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certainly has two in 2024. does it matter the front of the i, the chancellor and prime minister missing as the country drifts into recession?— missing as the country drifts into recession? ~ .,, ., ., recession? most of the government isn't functioning, _ recession? most of the government isn't functioning, and _ recession? most of the government isn't functioning, and you _ recession? most of the government| isn't functioning, and you mentioned grant shapps as a noble exception, but essentially, there is so much belief that this is all temporary and it's only from the 5th of september that people come and get a thatis september that people come and get a that is being seen from civil servants, understandably and the ministers themselves but to have the two most senior people in government on holiday in a week from that announcement of the bank, it is about optics. the chancellor said he is still working on his holiday, but with politics, it doesn't matter, it
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is presence that is needed. again, the perception _ is presence that is needed. again, the perception of— is presence that is needed. again, the perception of things. - is presence that is needed. again, the perception of things. i - is presence that is needed. again, the perception of things. i think i is presence that is needed. again, the perception of things. i think it| the perception of things. i think it trobabl the perception of things. i think it probably does _ the perception of things. i think it probably does feel _ the perception of things. i think it probably does feel embarrassing l the perception of things. i think it i probably does feel embarrassing for the government and senior ministers to be _ the government and senior ministers to be away — the government and senior ministers to be away. it leads to the sort of criticism — to be away. it leads to the sort of criticism that people at the cbi guoted — criticism that people at the cbi quoted as saying, there is this vacuum — quoted as saying, there is this vacuum at— quoted as saying, there is this vacuum at the heart of government. i have been— vacuum at the heart of government. i have been speaking to civil servants over the _ have been speaking to civil servants over the last few weeks and they are essentially— over the last few weeks and they are essentially getting ready for the new prime minister and looking at the plans— new prime minister and looking at the plans they have both got to make sure that _ the plans they have both got to make sure that when the person comes in on day— sure that when the person comes in on day one. — sure that when the person comes in on day one, they can hit the ground running _ on day one, they can hit the ground running fairly hard. but we still have _ running fairly hard. but we still have four— running fairly hard. but we still have four weeks to go of this contest — have four weeks to go of this contest and there will be a periodm _ contest and there will be a period- - -— contest and there will be a teriod... , ., ., period... gosh, is it that long? it is hard to — period... gosh, is it that long? it is hard to believe, _ period... gosh, is it that long? it is hard to believe, we _ period... gosh, is it that long? it is hard to believe, we have - period... gosh, is it that long? it is hard to believe, we have a - period... gosh, is it that long? it. is hard to believe, we have a three week— is hard to believe, we have a three week period — is hard to believe, we have a three week period for parliament to sit before _ week period for parliament to sit before everyone goes off for recess again~ _ before everyone goes off for recess again it _ before everyone goes off for recess again it is — before everyone goes off for recess again. it is going to feel like a long two— again. it is going to feel like a long two months and with those energy— long two months and with those energy price caps every three months rather— energy price caps every three months rather than _ energy price caps every three months rather than every six, people will feel the —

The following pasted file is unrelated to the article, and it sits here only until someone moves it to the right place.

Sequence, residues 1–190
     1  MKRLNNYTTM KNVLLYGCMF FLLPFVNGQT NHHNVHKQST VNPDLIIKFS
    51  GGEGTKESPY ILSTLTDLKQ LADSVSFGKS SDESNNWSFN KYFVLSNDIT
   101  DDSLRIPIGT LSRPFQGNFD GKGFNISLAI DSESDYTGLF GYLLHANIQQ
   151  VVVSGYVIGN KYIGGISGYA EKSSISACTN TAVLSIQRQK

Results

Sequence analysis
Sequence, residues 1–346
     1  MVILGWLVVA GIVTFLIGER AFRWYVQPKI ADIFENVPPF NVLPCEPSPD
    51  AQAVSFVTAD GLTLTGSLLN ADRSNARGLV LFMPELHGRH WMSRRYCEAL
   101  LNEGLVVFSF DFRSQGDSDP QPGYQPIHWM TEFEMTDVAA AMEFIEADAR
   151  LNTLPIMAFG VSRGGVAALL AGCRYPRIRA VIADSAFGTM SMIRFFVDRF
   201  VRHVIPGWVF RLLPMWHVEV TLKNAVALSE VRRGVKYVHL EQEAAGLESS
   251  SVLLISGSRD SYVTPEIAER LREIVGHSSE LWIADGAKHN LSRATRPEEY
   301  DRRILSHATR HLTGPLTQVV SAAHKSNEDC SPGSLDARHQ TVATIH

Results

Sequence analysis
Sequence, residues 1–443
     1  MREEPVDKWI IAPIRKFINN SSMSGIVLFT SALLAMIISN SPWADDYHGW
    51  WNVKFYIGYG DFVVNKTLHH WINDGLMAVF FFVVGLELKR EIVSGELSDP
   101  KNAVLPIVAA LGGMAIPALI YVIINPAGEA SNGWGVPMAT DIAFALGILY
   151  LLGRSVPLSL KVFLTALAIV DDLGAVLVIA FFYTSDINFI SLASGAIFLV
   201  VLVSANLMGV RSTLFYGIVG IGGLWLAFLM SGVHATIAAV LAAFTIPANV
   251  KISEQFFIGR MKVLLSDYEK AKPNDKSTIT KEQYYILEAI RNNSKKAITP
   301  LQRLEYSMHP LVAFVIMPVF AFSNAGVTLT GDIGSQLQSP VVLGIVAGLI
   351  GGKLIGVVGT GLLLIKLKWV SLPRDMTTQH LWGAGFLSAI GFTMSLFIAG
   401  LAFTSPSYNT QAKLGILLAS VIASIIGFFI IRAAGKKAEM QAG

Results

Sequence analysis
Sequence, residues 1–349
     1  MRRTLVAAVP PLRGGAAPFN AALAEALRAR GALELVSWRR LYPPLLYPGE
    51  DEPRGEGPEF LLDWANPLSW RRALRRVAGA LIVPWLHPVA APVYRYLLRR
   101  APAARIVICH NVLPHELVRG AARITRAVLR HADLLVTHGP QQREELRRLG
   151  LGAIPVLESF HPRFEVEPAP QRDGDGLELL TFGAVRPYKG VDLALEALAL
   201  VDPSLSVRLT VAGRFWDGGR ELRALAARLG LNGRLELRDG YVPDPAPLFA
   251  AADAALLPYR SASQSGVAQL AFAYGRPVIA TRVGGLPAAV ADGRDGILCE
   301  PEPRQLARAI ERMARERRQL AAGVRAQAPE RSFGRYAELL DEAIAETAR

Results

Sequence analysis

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rather than every six, people will feel the pinch and the people